Do foods high in fibre reduce my risk of cancer?
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- Yes, eating foods high in fibre, particularly wholegrains like wholemeal bread or brown rice, reduces your risk of bowel cancer
- Around 9 in 10 people in the UK are not meeting the recommended amount of 30g of fibre a day
- By making some simple swaps you can up your fibre intake
What is fibre?
Fibre is a general term used for a group of carbohydrates that we can’t easily break down, so it moves through our gut in to the bowel.
Based on what we know so far, it seems the fibre from wholegrains is the best at reducing your cancer risk.
How do foods high in fibre prevent bowel cancer?
There are several ways that fibre could reduce your risk of bowel cancer.
Fibre helps us to poo more often, increases the size of poos and dilutes their contents. This means harmful chemicals spend less time in the bowel.
When fibre meets the bacteria in the bowel, the bacteria make something called butyrate. Butyrate helps the cells in our bowel to stay healthy, so that tumours are less likely to develop.
How can I eat more fibre?
Foods that are high in fibre include fruit, vegetables, pulses and wholegrains. All these foods are high in fibre, but the strongest evidence for a reduced risk of cancer is for wholegrains.
Wholegrains are things like brown rice, whole wheat pasta, oats and wholegrain bread.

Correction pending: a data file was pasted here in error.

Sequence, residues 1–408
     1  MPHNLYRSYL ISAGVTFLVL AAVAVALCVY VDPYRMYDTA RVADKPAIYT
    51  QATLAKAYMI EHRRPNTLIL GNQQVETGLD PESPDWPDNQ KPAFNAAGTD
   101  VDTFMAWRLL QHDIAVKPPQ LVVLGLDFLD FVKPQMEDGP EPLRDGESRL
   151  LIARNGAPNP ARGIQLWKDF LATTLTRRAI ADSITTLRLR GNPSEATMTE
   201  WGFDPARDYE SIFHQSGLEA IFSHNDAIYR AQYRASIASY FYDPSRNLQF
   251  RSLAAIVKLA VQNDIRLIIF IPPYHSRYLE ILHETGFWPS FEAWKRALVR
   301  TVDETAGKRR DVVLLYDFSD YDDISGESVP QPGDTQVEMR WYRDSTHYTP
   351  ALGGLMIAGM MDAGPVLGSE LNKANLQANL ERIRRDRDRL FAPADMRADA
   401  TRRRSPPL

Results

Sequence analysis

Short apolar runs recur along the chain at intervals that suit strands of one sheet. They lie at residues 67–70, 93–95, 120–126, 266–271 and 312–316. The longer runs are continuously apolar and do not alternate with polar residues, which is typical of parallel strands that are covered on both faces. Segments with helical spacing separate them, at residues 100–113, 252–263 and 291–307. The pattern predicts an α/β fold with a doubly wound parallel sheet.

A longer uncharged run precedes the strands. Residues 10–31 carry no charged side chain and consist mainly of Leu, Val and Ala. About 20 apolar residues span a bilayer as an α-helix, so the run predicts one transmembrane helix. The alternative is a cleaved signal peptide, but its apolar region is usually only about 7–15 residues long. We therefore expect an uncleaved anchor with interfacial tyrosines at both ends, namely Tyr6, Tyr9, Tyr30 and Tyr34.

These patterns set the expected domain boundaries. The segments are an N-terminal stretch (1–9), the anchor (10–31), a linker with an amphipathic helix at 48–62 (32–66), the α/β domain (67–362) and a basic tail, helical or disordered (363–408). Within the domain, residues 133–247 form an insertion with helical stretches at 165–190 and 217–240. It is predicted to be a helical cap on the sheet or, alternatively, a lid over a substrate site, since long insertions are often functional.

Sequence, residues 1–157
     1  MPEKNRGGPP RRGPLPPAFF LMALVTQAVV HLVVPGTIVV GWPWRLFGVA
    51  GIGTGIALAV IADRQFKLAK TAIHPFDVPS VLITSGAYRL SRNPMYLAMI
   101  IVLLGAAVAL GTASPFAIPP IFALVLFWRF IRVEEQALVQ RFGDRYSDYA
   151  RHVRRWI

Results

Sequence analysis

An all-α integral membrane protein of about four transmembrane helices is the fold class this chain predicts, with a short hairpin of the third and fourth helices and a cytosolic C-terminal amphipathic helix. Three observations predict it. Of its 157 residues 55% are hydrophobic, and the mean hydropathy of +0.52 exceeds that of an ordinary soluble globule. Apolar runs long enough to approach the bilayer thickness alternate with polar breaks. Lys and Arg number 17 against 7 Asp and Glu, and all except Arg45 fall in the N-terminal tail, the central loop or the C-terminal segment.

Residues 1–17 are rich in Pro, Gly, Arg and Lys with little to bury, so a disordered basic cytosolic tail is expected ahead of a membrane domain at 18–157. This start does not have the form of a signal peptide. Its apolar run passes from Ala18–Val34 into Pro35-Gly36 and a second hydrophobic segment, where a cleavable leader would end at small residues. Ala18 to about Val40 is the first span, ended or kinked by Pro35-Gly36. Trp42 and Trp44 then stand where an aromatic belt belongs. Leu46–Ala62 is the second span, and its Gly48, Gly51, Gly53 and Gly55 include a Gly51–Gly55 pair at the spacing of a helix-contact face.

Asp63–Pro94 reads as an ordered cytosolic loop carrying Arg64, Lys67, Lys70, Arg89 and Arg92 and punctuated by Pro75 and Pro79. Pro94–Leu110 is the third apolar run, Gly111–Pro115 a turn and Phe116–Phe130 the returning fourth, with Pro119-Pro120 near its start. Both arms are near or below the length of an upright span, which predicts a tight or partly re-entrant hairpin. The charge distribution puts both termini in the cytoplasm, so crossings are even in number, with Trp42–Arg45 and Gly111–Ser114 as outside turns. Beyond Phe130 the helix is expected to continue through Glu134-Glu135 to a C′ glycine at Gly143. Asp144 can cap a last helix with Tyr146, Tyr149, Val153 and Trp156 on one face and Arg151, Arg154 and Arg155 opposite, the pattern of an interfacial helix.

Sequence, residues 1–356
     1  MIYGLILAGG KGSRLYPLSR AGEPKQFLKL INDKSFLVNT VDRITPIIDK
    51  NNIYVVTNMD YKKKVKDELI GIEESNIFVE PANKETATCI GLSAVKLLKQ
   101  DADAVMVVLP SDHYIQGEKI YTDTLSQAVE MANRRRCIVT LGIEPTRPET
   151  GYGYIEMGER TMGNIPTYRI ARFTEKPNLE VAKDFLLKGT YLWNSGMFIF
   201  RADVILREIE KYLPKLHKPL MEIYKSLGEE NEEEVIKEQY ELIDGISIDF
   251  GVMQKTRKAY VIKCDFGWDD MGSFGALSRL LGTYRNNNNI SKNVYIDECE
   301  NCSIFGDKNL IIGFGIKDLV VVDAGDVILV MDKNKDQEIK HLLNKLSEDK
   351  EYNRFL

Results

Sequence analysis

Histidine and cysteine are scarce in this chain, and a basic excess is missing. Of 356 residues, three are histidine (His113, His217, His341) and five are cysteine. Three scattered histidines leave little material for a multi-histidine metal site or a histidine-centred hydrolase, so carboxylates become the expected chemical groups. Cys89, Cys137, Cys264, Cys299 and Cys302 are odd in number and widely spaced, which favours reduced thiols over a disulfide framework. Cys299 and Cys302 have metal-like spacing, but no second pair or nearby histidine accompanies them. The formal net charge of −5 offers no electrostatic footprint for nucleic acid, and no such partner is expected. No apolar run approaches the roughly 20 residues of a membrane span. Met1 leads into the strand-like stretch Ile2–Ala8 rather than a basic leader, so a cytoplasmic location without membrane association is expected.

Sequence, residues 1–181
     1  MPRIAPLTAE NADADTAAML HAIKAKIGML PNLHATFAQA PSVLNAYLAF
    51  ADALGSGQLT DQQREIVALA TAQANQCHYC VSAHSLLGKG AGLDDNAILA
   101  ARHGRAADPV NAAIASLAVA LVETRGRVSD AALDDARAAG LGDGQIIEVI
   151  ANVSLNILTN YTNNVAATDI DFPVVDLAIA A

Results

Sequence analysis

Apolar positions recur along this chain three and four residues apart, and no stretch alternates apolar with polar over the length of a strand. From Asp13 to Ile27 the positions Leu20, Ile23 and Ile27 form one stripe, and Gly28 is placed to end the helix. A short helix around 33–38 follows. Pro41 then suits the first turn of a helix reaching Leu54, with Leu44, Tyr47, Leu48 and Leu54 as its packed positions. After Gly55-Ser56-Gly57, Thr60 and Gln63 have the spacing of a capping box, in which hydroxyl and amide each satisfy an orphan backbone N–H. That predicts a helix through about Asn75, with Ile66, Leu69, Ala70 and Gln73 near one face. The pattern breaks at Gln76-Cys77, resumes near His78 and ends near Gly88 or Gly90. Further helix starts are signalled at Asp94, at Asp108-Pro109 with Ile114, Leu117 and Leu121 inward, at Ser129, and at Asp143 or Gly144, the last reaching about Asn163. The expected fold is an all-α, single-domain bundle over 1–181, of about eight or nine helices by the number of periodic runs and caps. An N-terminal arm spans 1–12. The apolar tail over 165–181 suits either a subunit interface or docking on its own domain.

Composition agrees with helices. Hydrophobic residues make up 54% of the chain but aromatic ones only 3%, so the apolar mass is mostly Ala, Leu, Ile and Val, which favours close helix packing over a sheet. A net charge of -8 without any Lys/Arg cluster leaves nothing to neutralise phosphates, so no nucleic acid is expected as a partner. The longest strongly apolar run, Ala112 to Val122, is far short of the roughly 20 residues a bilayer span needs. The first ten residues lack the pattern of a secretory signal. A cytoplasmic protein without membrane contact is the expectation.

To up your fibre intake try;
- Switching some everyday items such as bread, pasta or rice to their wholegrain or brown alternative
- Having fruit and vegetables with every meal (they can be fresh, frozen or tinned)
- Using lentils or beans in the place of some or all the meat in your favourite dishes
Should I take fibre supplements?
The evidence so far has looked at high fibre foods, rather than supplements, to show the health benefits of fibre. Though fibre supplements may be useful for some people with certain medical conditions, for most of us the best way to up our fibre intake is by making changes to our diet and eating more food high in fibre, particularly wholegrains.
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World Cancer Research F. Diet, nutrition, physical activity and colorectal cancer. https://www.wcrf.org/sites/default/files/Colorectal-Cancer-2017-Report.pdf : World cancer research fund; 2017.
Brown KF, Rumgay H, Dunlop C, et al. The fraction of cancer attributable to modifiable risk factors in England, Wales, Scotland, Northern Ireland, and the United Kingdom in 2015. British Journal of Cancer. 2018;118:1130-1141.
World Cancer Research F. Wholegrains, vegetables and fruit and the risk of cancer. Continuous Update Project. https://www.wcrf.org/sites/default/files/Wholegrains-veg-and-fruit.pdf
Vieira AR, Abar L, Chan DSM, et al. Foods and beverages and colorectal cancer risk: a systematic review and meta-analysis of cohort studies, an update of the evidence of the WCRF-AICR Continuous Update Project.